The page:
A searing autobiographical novel about a single night in prison suggests how broken spirits can be mended, and dreams rebuilt through imagination and human kindness
In Dawn, translated into English for the first time, legendary Turkish feminist Sevgi Soysal brings together dark humor, witty observations, and trenchant criticism of social injustice, militarism, and gender inequality.
As night falls in Adana, k ftes and cups of cloudy raki are passed to the dinner guests in the home of Ali--a former laborer who gives tight bear hugs, speaks with a southeastern lilt, and radiates the spirit of a child. Among the guests are a journalist named Oya, who has recently been released from prison and is living in exile on charges of leftist sympathizing, and her new acquaintance, Mustafa. A swift kick knocks down the front door and bumbling policemen converge on the guests, carting them off to holding cells, where they'll be interrogated and tortured throughout the night.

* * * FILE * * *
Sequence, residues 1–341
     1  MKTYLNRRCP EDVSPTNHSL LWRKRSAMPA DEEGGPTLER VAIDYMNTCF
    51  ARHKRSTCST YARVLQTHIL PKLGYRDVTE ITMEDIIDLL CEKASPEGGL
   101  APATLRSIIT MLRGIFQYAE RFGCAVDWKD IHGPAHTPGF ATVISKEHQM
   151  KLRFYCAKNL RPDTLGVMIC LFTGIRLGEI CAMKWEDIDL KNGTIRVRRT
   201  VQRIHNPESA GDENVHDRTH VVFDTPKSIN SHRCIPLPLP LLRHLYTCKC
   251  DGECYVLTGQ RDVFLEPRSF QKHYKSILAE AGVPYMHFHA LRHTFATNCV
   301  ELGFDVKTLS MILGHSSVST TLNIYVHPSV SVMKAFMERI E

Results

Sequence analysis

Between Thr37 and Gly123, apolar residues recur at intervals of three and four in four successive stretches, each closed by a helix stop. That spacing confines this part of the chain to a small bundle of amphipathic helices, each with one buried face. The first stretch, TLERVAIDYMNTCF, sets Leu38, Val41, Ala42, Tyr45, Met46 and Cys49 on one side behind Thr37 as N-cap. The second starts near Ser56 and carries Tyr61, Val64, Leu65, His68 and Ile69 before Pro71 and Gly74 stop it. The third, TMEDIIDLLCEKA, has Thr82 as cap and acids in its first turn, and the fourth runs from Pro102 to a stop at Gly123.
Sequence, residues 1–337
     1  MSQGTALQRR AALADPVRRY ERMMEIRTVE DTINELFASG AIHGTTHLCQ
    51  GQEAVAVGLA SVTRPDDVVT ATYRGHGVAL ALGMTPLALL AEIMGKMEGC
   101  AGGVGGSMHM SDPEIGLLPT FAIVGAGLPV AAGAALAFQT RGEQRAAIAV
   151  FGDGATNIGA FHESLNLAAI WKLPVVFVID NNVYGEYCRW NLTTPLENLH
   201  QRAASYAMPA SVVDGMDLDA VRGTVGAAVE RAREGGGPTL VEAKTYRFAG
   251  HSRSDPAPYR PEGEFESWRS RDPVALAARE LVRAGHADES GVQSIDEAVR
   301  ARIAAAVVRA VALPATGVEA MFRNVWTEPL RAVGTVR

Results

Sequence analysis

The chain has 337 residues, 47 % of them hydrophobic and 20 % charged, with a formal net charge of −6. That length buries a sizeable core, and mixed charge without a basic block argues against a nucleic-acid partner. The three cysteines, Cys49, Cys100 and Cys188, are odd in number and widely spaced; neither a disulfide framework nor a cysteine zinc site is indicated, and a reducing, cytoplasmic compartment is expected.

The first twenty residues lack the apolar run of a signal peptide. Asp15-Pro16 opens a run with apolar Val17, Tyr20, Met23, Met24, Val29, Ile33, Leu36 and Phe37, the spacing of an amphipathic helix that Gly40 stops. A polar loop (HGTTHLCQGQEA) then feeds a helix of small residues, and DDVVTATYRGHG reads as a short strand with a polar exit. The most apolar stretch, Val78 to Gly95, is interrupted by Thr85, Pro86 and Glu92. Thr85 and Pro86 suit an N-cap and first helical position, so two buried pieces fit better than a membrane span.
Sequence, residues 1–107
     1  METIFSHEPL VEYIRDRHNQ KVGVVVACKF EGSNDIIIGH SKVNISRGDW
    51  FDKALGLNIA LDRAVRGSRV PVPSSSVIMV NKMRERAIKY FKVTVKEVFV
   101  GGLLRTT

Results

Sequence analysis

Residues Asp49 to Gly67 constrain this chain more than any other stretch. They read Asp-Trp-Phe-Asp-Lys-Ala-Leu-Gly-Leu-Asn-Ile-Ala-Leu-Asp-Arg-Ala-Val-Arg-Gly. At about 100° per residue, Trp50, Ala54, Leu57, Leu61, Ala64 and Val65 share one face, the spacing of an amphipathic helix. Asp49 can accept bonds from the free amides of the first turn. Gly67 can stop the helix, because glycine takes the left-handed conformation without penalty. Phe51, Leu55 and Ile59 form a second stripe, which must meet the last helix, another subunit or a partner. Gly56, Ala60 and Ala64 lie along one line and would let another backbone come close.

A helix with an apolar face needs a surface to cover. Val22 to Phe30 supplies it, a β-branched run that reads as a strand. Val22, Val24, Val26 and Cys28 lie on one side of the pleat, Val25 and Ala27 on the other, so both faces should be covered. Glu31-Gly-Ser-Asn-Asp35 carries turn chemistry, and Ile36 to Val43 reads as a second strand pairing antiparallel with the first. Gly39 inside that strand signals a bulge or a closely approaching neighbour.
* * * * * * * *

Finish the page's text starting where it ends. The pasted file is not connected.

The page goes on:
Fear spools into the anxious, claustrophobic thoughts of a return to prison, just after tasting freedom. Bristling snatches of Oya's time in prison rush back--the wild curses and wilder laughter of inmates, their vicious quarrels and rapturous belly-dancing, or the quiet boon of a cup of tea. Her former inmates created fury and joy out of nothing. Their brimming resilience wills Oya to fight through the night and is fused with every word of this blazing, lucid novel.